My belief that Dunnavant, AL, has a better claim on the historic John Henry than any other location is based on documented facts that agree with the story C. C. Spencer told Guy Johnson in the late 1920s. Here are some of Spencer's claims.
(1) He was a teenager working in Alabama on the construction of the Alabama Great Southern line in 1880-82. He carried water and tools for the laborers.
(2) He knew John Henry personally.
(3) He was an eye-witness to John Henry's contest with a steam drill, which occurred on September 20, 1882.
(4) John Henry drove steel at Cruzee Mountain.
(5) John Henry's last name was Dabner.
(6) He was born a slave on a Dabner plantation in Mississippi. He took the Dabner name from his slavery-time owners.
(7) He was from Holly Springs, MS.
(8) One of the contractors for whom he worked was named Dabner.
Two other "Alabama" informants placed John Henry at Cursey Mountain and Oak Mountain. One of these said that John Herny worked for a contractor named Dabney and a "Jamaica" informant said that he worked for a man named Dabner.
Here are some of the documented facts. As the man said, draw your own conclusions.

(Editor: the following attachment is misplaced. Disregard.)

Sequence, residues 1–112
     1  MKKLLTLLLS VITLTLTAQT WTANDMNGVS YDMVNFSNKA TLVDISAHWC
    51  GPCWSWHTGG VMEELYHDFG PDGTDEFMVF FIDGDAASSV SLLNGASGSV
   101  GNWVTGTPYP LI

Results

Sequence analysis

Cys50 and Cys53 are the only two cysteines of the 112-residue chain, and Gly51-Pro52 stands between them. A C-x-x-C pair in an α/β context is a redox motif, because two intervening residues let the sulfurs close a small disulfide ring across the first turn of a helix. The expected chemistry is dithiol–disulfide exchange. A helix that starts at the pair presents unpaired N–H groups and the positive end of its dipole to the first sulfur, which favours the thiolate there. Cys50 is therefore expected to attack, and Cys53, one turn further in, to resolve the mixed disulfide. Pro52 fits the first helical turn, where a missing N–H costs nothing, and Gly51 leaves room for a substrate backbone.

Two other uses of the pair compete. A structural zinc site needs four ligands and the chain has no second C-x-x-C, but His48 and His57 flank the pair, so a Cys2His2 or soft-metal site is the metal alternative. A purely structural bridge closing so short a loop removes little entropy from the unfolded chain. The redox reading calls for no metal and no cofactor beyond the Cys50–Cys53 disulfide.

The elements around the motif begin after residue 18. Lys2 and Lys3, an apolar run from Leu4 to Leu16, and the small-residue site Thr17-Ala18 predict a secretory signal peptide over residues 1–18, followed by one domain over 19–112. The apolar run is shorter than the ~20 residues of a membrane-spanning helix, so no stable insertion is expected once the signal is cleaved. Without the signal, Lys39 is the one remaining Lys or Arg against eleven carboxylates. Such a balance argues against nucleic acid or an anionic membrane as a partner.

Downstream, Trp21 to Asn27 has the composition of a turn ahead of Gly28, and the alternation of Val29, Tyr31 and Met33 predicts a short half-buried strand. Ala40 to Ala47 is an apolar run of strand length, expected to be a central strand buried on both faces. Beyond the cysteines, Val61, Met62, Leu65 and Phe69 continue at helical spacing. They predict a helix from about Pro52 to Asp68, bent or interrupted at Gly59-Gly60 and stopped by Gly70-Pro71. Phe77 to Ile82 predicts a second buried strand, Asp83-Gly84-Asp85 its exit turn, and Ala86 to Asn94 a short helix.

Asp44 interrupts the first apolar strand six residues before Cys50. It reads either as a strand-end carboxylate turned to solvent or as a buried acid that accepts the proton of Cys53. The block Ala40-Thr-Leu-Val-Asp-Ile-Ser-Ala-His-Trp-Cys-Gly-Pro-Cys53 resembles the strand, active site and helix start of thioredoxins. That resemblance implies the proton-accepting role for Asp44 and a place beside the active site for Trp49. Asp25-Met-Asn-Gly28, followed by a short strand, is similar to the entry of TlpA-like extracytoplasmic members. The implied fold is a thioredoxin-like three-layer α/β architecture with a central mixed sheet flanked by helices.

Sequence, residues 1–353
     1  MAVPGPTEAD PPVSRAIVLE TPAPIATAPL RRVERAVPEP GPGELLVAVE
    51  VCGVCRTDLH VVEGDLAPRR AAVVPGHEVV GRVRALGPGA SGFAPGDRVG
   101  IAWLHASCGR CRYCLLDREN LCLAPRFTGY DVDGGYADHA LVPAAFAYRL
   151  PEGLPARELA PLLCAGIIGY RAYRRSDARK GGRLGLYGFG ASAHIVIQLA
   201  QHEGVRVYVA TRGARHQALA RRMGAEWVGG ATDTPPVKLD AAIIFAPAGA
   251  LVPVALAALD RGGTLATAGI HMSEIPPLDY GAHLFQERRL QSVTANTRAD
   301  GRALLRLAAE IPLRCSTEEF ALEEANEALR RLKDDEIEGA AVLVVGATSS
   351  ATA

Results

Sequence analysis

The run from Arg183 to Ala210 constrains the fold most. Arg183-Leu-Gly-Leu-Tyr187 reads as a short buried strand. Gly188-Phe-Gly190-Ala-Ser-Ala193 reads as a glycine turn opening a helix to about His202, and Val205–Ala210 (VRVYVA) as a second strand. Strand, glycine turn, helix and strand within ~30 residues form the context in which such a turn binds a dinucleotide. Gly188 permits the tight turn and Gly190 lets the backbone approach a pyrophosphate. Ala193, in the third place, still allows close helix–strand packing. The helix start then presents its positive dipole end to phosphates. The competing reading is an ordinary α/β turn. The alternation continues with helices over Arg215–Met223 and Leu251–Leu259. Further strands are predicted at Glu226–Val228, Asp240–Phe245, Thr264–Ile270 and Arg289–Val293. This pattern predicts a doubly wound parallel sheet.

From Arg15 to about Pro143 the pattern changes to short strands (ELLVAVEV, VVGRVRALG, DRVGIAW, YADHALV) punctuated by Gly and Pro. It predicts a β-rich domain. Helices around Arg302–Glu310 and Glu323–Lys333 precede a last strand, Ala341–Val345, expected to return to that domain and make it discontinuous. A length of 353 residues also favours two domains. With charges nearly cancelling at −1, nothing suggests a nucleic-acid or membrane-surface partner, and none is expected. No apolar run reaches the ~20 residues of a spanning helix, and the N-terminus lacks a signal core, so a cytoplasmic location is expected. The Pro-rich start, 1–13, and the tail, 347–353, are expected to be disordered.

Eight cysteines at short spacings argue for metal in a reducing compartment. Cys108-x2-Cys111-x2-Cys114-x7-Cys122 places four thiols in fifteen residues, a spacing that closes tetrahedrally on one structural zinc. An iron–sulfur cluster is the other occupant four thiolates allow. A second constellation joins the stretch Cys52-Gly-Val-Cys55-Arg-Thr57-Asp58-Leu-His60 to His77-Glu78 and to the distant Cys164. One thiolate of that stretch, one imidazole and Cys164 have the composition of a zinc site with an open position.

Oak and Coosa Mountains are about 16 miles east of Birmingham. They are parallel soutwest-to-northeast ridges, with Oak being north of Coosa by 2-3 miles. In 1887-88 the Columbus and Western (C & W) RR line was put through from Goodwater, AL, to Birmingham. Tunnels were put through Oak and Coosa mountains. Portal-to-portal the distance between Oak and Coosa Tunnels is almost exactly two miles.
The Chief Engineer, and the man in charge of construction, for the C & W was Captain (Civil War rank) Frederick Yeamans Dabney, born in VA but raised in Raymond, MS. Frederick's uncle Thomas Smith Gregory Dabney had owned a plantation, Burleigh, between Crystal Springs and Raymond, MS, with 154 slaves in 1860, several of whom are candidates to have been John Henry (right sex and approximate age, names not known). Captain Dabney maintained his family and official residence in Crystal Springs, MS, while he took temporary accomodations wherever his work in RR construction led him. In 1887-88 he stayed at the Florence Hotel in Birmingham.
Coosa Tunnel was a problem. In mid-1887 the tunnelers encountered a layer of rock that was very hard to drill and blast. The completion of the line was delayed by this difficulty by about 6 months (to July 1, 1888, instead of some time in late 1887).